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Oprah and Australia's 'socialist' health care

  • 16 December 2010

Oprah is here. With a US TV audience of seven million expected to tune in to discover our beauty rich and rare, what will Australia showcase? Should we highlight this country's external magnificence? Or could now be the time to really show off by exposing the US to our healthcare system?

Thanks to the strength of the Aussie dollar, many tourist operators are doing it tough; all they want for Christmas is for Oprah's visit to usher in a flood of big-spending Midwesterners. But possibly the greatest Christmas present we could give America would be a broken leg or burst appendix for Oprah.

If she — friend of President Obama and host of the highest-rated talk show in US history — were to find herself a customer on the doorstep of Australia's excellent and equitable healthcare system, America's best-known mouth might go home peddling a message that could change the foundations of her society.

As an American, though now permanently resident in Australia, I can't imagine a better gift for my compatriots.

Growing up in the Land of the Not-for-Free and the Home of the You-Must-Be-Brave-Not-To-Have-Health-Insurance, I break out in hives at the whisper of words like pre-existing condition, deductibles and co-pays.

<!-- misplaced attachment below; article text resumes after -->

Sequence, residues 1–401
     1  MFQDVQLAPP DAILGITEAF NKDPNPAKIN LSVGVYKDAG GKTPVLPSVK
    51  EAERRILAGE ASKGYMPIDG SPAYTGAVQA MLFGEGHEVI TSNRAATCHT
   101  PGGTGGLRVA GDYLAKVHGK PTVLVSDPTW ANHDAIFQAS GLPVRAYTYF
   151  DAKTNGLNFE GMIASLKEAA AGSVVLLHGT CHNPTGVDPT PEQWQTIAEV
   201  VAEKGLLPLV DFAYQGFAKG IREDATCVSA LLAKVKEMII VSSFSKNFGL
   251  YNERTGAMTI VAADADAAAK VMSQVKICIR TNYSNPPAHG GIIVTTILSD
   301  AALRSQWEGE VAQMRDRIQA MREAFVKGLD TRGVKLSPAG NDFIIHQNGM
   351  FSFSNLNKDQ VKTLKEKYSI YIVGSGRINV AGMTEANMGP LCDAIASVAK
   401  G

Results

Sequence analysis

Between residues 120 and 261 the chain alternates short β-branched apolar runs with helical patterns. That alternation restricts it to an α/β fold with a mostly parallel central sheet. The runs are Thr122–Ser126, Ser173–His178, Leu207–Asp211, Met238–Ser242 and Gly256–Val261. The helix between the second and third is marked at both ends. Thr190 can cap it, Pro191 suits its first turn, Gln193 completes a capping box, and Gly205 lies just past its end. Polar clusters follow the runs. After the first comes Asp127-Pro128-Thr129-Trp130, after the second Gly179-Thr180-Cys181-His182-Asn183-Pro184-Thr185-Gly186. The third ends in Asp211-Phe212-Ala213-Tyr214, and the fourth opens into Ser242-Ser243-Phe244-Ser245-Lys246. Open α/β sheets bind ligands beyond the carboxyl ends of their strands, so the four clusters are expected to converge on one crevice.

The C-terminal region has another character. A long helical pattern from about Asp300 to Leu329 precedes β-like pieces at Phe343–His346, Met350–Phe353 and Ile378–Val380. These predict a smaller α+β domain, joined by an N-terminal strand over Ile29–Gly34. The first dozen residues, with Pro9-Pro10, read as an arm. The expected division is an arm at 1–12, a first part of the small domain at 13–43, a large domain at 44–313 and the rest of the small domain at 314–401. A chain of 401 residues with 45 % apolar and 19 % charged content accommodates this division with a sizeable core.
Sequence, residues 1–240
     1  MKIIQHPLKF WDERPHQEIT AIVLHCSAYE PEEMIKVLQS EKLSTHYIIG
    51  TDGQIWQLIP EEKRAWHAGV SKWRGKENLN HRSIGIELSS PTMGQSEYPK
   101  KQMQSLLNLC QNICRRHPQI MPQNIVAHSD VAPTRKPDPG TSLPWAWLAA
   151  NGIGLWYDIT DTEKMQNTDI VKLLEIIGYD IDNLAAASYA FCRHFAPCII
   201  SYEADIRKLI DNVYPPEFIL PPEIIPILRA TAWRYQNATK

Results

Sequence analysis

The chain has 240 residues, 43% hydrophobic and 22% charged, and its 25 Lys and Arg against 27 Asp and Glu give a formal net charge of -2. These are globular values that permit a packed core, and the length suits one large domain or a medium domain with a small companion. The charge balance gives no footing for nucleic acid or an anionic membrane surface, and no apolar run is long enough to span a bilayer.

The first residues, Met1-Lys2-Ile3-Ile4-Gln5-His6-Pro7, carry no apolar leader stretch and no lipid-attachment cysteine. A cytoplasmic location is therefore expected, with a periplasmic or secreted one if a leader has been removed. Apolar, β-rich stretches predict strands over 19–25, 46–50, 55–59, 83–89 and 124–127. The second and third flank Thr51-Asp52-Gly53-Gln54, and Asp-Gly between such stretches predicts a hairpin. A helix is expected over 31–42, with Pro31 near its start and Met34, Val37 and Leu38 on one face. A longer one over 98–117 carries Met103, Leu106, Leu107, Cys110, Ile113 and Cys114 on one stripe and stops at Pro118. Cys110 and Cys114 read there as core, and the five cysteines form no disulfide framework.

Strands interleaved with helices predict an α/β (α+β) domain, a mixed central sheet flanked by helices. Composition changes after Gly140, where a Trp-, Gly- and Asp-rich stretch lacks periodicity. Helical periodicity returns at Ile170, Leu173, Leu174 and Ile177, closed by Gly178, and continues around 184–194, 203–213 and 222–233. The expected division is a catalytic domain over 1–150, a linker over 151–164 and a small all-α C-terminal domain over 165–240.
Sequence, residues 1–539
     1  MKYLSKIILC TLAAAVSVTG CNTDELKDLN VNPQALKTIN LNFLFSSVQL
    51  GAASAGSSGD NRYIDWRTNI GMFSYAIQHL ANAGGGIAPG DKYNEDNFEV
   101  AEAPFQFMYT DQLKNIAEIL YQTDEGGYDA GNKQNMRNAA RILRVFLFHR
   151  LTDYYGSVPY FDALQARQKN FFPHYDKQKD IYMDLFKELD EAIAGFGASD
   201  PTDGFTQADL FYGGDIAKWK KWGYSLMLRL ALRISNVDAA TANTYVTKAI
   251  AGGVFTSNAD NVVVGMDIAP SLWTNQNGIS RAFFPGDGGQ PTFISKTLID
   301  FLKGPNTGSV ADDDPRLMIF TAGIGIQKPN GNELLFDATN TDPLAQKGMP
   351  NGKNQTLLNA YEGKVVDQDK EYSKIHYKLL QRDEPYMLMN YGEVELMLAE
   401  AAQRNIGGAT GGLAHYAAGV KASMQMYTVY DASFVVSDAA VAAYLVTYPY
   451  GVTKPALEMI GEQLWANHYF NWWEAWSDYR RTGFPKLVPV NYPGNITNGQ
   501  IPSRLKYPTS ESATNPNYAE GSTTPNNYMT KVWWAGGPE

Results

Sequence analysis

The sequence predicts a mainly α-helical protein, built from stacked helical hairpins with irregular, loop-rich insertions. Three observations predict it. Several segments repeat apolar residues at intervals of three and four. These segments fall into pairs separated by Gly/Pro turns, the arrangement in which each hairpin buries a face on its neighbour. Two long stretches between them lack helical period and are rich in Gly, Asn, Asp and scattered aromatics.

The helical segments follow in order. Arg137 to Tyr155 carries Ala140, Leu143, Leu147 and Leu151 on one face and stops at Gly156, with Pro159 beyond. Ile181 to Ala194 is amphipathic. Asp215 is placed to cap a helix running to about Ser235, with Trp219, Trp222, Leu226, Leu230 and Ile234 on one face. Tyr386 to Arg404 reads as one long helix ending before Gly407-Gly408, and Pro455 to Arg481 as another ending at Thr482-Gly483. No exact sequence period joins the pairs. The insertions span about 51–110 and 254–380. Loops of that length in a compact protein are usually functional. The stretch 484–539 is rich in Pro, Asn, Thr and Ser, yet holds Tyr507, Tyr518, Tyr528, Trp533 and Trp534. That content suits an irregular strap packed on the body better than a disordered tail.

When living in the US, I ended up in hospital from time to time; heck, I even made it there on my honeymoon. As an impoverished (and uninsured) Masters student marrying an even poorer PhD student, we begged for six months to pay off that bill.

Another time, following back surgery but this time insured, I happily handballed the $27,000 tab to my insurance company.

A decade later, while on holiday back in the US, one of our children required an emergency 12-day stay at a San Francisco hospital. The treatment was good — comparable to Australia — but on our way out the door the kind medical staff handed us our discharge letter and a bill for $52,000.

Nowadays, the term 'universal healthcare' is a phrase I speak in revered tones, reluctant to take it for granted. That's because I have lived with the other kind of healthcare, the kind that primarily works for those who are healthy — and lucky.

While in the US several months ago I spoke with an Emergency Department physician.